Rathbone History, Family Crest & Coats of Arms

The ancient Anglo-Saxon surname Rathbone came from the baptismal name Rawbone. Patronymic surnames arose out of the vernacular and religious given name traditions. The vernacular or regional naming tradition is the oldest and most pervasive type of patronymic surname. According to this custom, names were originally composed of vocabulary elements from the local language. Vernacular names that were derived from ancient Germanic personal names have cognates in most European languages.

Early Origins of the Rathbone family

The surname Rathbone was first found in Worcestershire where Richard Rathebon was listed in the Subsidy Rolls of 1275. However, Cheshire was a focal point for the family as numerous entries were found there from the 14th century on. John Rathebon was listed there in 1347 [1] and one source notes the name was in: " Cheshire records as Rathebon, does not seem to be English. If the original bearers of the name came from Ireland it answers to the Irish Rathbane, Rathbaun = 'White Fort' [Irish rath, a fort; also palace + bán, white]. If from Wales (as seems more likely), the name prob. means the 'Stumpy Clearing or Plain' [ Welsh rhath, a cleared spot, plain (conn. with Irish rath) + Welsh bon, a stock, stump, stem (conn. with Irish and Gaelic bonn, a foundation, base] and is apparently allied to 'Ratisbon.' " [2]

Another source has a slightly different understanding: "this surname is derived from a geographical locality. 'of Ruabon'. There seems little doubt that these surnames hail from Cheshire, also that Ruabon is the parent. The change to Rathbone is peculiar, but perhaps the place-name Ruabon has undergone a change. I furnish an instance of Rawbone from the Prestbury registers (Cheshire) dated 1603. A Thomas Rathbone was living there in 1695." [3]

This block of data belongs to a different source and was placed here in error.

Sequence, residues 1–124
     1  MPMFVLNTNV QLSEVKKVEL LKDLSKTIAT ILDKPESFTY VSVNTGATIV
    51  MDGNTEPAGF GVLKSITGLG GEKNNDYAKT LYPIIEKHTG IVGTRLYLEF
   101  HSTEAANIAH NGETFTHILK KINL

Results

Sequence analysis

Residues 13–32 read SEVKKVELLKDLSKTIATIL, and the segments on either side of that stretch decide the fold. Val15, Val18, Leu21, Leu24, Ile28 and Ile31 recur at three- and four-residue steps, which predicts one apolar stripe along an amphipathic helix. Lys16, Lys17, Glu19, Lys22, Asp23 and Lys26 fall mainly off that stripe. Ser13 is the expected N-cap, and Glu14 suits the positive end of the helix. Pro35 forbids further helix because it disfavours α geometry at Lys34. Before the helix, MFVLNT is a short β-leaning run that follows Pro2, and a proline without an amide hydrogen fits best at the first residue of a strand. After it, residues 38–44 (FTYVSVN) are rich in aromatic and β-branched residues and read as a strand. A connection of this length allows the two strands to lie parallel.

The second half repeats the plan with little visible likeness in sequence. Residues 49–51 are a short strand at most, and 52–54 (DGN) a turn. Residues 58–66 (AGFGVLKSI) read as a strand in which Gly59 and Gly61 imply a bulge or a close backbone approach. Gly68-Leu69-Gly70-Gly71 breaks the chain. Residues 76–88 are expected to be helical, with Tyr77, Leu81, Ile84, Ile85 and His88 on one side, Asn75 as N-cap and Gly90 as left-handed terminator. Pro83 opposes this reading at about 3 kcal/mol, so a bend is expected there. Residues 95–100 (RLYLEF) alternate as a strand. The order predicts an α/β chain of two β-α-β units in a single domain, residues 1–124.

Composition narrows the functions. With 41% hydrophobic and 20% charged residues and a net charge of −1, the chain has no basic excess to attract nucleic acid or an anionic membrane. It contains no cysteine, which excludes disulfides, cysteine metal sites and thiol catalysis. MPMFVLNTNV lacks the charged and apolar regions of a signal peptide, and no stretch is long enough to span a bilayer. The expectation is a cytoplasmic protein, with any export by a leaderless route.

"There were Rathbones in Prestbury, [Cheshire] 200 years ago. Richard Rathbone was mayor of Chester in 1598, and Thomas Rathbone was sheriff of that city in 1790." [4]

Early History of the Rathbone family

This web page shows only a small excerpt of our Rathbone research. Another 98 words (7 lines of text) covering the years 1750, 1696, 1746, 1748, 1831, 1748, 1763, 1770, 1773, 1780, 1750, 1807, 1750, 1757, 1809, 1726, 1789, 1757, 1746, 1792 and 1809 are included under the topic Early Rathbone History in all our PDF Extended History products and printed products wherever possible.

Rathbone Spelling Variations

The English language only became standardized in the last few centuries; therefore, spelling variations are common among early Anglo-Saxon names. As the form of the English language changed, even the spelling of literate people's names evolved. Rathbone has been recorded under many different variations, including Rathbone, Rawbone, Rathburn and others.

Early Notables of the Rathbone family (pre 1700)

Distinguished members of the family include William Rathbone II (1696-1746), founder of Rathbone Brothers, in Liverpool a timber business that grew to be one of the United Kingdom's largest firms of wealth managers, thus beginning a long running family of Liverpool merchants and shipowners with a long history of philanthropy and public service. Wilson Rathborne (1748-1831), captain in the navy, son of Richard Rathborne, a clergyman, was born near Loughrea, co. Galway, on 16 July 1748. In September 1763 he was entered as an ‘able seaman’ on board the Niger, with Sir Thomas Adams, on the Newfoundland station. As able seaman and...
Another 268 words (19 lines of text) are included under the topic Early Rathbone Notables in all our PDF Extended History products and printed products wherever possible.

Rathbone Ranking

In the United States, the name Rathbone is the 6,343rd most popular surname with an estimated 4,974 people with that name. [5]


United States Rathbone migration to the United States +

For many English families, the political and religious disarray that shrouded England made the far away New World an attractive prospect. On cramped disease-ridden ships, thousands migrated to those British colonies that would eventually become Canada and the United States. Those hardy settlers that survived the journey often went on to make important contributions to the emerging nations in which they landed. Analysis of immigration records indicates that some of the first North American immigrants bore the name Rathbone or a variant listed above:

Rathbone Settlers in United States in the 17th Century
  • Richard Rathbone, who landed in Massachusetts in 1628 [6]
Rathbone Settlers in United States in the 19th Century
  • Jonathon Rathbone, who settled in Charleston in 1820